What is an Argumentative Essay?An argumentative essay is an essay in whichyou agree or disagree with a certain issue, usingreasons to support your opinion.
What is an Argumentative Essay?You may be asked a question like this:Stem cell research offers a potential cure formany fatal diseases. Many people oppose stemcell research because it involves using cells fromhuman embryos. Do you agree or disagree thatstem cell research should be prohibited?
What is an Argumentative Essay?Note: What is unique about an argumentativeessay is that you do not just give reasons tosupport your point of view. You must alsodiscuss the other side’s reasons and rebut them.(Rebut means to point out problems with the other side’s reasons to prove they arenot good reasons.)
Organization of an Argumentative Essay? There are two common ways to organize an argumentative essay.• the block pattern• the point-by-point pattern
Block PatternI. Introduction Explanation of the issue Thesis statementII. Body Block 1 A. Summary of the other side’s arguments B. Rebuttal to the first argument C. Rebuttal to the second argument D. Rebuttal to the third argument Block 2 E. Your first argument F. Your second argument G. Your third argumentIII. Conclusion - may include a summary of your own point of view
Point-by-Point PatternI. Introduction Explanation of the issue, including a summary of the other side’s arguments Thesis statementII. Body A. Statement of the other side’s first argument and rebuttal with your own counter argument. B. Statement of the other side’s second argument and rebuttal with your own counter argument. C. Statement of the other side’s third argument and rebuttal with your own counter argument.III. Conclusion - may include a summary of your own point of view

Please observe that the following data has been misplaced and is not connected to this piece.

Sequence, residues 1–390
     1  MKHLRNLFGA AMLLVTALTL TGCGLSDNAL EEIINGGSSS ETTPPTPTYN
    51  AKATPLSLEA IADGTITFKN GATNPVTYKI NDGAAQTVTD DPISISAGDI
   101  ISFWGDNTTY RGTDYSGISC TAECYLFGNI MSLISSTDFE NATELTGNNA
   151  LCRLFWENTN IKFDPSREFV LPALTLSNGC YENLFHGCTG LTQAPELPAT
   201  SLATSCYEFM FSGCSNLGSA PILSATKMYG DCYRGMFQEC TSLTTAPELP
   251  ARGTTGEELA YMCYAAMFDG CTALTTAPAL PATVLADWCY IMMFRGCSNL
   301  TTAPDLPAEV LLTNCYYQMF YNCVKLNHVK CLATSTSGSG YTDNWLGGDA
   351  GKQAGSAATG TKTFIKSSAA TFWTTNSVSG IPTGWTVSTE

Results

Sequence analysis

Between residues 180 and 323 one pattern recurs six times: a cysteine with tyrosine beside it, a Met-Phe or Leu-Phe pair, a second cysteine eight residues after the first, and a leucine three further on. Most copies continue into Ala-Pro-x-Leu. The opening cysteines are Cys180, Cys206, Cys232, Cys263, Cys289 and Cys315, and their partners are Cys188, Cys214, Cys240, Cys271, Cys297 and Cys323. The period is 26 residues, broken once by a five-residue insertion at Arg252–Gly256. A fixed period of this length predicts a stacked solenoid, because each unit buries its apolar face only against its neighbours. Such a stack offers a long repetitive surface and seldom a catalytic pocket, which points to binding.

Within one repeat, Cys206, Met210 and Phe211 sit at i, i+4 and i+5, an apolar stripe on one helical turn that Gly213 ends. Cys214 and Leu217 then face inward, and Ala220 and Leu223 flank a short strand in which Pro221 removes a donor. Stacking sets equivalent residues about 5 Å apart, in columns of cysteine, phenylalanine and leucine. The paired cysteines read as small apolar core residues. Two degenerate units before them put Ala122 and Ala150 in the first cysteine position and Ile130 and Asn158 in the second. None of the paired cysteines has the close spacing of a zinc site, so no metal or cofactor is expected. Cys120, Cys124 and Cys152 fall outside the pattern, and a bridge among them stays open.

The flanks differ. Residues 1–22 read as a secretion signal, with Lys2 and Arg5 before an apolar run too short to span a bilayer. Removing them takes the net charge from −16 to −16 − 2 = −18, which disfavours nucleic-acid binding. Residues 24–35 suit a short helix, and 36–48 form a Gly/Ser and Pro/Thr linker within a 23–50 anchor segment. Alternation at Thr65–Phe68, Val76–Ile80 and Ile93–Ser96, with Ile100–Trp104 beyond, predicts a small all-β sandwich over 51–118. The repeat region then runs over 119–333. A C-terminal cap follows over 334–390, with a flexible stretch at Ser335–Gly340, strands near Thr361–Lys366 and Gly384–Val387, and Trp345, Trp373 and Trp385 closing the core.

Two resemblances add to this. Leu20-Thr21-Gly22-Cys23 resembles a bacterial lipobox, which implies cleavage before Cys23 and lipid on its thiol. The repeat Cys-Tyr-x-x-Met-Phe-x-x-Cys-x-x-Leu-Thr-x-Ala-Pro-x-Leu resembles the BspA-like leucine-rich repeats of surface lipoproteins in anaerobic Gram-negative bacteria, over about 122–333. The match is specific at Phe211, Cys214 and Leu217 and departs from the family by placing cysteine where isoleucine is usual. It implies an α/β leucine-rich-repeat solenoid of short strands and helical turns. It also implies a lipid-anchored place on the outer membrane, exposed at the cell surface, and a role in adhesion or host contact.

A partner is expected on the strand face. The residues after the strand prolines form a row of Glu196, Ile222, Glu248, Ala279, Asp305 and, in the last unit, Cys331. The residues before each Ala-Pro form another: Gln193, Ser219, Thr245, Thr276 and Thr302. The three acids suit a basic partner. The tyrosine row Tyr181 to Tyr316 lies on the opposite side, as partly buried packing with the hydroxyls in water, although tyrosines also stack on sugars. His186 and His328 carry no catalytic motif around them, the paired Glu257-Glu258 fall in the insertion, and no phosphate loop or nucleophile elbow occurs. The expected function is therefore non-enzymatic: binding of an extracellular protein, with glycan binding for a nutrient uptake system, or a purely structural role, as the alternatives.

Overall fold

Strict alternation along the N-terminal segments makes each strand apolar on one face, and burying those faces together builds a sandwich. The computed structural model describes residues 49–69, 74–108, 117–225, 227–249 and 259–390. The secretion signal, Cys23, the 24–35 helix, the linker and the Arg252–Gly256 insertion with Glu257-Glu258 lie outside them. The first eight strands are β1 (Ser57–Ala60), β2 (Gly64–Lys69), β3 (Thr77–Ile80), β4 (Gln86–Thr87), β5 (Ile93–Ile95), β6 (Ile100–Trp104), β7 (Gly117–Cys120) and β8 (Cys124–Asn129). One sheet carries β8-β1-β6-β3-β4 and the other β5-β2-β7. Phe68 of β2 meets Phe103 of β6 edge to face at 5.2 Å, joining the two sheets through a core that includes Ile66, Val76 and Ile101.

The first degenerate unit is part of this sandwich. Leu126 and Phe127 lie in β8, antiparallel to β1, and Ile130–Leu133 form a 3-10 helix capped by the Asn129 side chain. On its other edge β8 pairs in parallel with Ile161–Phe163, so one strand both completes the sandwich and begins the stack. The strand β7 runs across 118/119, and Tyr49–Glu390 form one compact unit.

The Introductory ParagraphThe introductory paragraph contains anexplanation of the issue, which is a necessarypart of an argumentative essay.You may also begin your argumentativeessay with a more engaging introduction -with surprising statistics, for example, or adramatic story.
The Introductory ParagraphIf you choose to write an attention-gettingintroduction, you may need to explain theissue in a second introductory paragraph andwrite your thesis statement at the end of this(the second) paragraph.
The Introductory ParagraphThesis StatementThe thesis statement in an argumentativeessay states clearly which side you are for:Stem cell research should receive the fullsupport of our government.
The Introductory ParagraphA thesis statement often mentions theopposing point of view. Notice that thewriter’s opinion is expressed in the main(independent) clause, and the opposing pointof view is normally put in a subordinatestructure.Although there are certainly reasons to becautious with stem cell research or any newtechnology (subordinate clause), its potential benefitsfar outweigh its dangers. (main clause)
The Introductory ParagraphUse expressions like the following tointroduce opposing points of view.Some people feel that the United Statesshould change their healthcare plan.Many think that genetically engineered cropsare a grave danger to the environment.
The Introductory ParagraphSmokers say that they have the right tosmoke.It may be true that the U.S. constitution givescitizens the right to own weapons.
The Introductory ParagraphThen connect the opposing point of view toyour own with transition signals of contrast.Some people feel that the United Statesshould change their healthcare plan;however, others feel that the governmentshould stay out of the health care business.
The Introductory Paragraph Although/Even though many think thatgenetically engineered crops are a gravedanger to the environment, such crops canalleviate world hunger and malnutrition.Smokers say that they have the right tosmoke in spite of the fact that/ despite thefact that smoking will kill them.
The Introductory ParagraphWhile/Whereas it may be true that the U.S.constitution gives citizens the right to ownweapons, the men that wrote the constitutionlived in a different time.